A Virtual Tour of the Back to Backs – part 36
Before we leave George Mitchell’s kitchen and all its memories behind us, we’ll take a moment to look over into the corner where the scullery is and behind the door are the vestiges of the stencilled pattern on the wall that have been replicated in the Levy’s house.
But, now we’ll now start our ascent of the staircase in this house and make our way up into George’s first floor room.
Turning left at the top of the stairs we find ourselves in his bedroom, which is mainly filled with his bed.
Beds – made from metal of course, were a major industry in Birmingham. We may use the term “brass bed”, but the best ones, like George Mitchell’s, are made from steel with brass ornamentation. In fact, you may say “with brass knobs on”. Now you can tell your friends where the term came from! It is said that in some households, thrifty housewives would unscrew the knobs, and put left over coins into the hollow uprights in order to keep them, so their husbands wouldn’t be able to find them!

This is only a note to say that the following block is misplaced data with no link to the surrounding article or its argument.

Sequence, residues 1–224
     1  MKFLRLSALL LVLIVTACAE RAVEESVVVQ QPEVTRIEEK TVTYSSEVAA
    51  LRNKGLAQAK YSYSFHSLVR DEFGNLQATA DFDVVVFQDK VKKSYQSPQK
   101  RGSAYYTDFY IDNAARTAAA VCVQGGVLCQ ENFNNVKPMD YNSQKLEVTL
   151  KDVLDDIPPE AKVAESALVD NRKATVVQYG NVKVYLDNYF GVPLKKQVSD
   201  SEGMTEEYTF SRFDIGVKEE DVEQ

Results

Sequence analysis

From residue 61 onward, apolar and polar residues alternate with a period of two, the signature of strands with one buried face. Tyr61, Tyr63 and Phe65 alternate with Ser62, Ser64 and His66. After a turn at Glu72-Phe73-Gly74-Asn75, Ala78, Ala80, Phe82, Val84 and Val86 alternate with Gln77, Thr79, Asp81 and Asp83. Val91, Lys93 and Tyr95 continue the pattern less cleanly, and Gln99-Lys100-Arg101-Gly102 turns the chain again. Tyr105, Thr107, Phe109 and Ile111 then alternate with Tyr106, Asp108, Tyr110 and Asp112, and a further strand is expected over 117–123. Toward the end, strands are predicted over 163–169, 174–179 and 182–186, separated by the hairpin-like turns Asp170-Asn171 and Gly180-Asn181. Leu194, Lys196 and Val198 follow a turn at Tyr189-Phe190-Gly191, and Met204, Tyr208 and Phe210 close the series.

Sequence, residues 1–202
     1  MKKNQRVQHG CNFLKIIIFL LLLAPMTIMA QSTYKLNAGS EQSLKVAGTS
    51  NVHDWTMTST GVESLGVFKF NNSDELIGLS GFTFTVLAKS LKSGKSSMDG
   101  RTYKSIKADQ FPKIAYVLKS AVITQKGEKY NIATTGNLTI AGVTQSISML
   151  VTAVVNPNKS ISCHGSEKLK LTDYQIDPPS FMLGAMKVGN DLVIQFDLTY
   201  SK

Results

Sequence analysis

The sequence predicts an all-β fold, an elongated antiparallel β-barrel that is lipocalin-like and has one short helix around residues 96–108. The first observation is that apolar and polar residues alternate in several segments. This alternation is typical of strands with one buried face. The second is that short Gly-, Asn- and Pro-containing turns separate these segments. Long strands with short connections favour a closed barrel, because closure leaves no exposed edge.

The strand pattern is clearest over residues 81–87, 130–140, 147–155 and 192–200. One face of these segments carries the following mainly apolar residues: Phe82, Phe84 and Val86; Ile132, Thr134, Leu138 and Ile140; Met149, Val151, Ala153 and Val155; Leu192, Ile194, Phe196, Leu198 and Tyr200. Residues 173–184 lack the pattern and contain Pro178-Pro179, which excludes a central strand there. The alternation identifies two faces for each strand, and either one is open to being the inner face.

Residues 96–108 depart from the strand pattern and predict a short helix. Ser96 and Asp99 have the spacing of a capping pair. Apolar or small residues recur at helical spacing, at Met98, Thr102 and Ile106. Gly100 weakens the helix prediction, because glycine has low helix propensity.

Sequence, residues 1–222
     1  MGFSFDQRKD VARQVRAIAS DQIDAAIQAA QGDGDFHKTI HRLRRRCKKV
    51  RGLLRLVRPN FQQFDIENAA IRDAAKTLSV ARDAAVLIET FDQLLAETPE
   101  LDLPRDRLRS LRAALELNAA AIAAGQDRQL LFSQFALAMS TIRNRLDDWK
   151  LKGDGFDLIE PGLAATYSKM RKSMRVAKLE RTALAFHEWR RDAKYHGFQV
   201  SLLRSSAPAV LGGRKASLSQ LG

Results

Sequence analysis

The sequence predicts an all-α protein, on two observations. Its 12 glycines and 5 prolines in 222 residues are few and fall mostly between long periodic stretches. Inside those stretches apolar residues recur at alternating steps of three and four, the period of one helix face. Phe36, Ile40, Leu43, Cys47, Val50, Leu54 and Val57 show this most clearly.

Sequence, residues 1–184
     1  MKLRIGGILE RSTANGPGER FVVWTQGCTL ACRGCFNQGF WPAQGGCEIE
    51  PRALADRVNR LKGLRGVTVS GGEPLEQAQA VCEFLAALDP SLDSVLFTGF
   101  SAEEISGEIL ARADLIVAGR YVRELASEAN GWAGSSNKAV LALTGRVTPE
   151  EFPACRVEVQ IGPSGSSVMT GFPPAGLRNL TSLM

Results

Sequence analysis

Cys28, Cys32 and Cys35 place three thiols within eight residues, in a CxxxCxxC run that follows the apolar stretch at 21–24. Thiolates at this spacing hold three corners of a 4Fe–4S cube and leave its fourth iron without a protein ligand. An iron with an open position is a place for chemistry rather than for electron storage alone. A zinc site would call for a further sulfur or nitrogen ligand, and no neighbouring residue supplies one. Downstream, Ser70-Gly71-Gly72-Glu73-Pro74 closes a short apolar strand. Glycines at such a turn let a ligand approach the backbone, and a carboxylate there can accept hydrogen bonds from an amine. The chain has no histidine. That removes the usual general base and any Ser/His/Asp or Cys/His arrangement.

On George’s bed we will find an earthenware bottle, which is in fact a bed warmer. It would be filled with hot water before one went to bed – it would at least keep parts of the bed warm, for a while. The earthenware bed warmer was the forerunner of the rubber hot water bottle that many who lived in homes without central heating may have been more familiar with years ago. Some folk thought a large dog was a better bet to keep you warm at night!
George, as we know was a bachelor, so he had no offspring and lived alone. He probably enjoyed the attention of other ladies in the court who would keep an eye out for him, do his shopping, make him an occasional stew (a casserole if you’re posh!), and mop his fevered brow if he felt unwell.
But, George had some little visitors, and we will go on to meet them!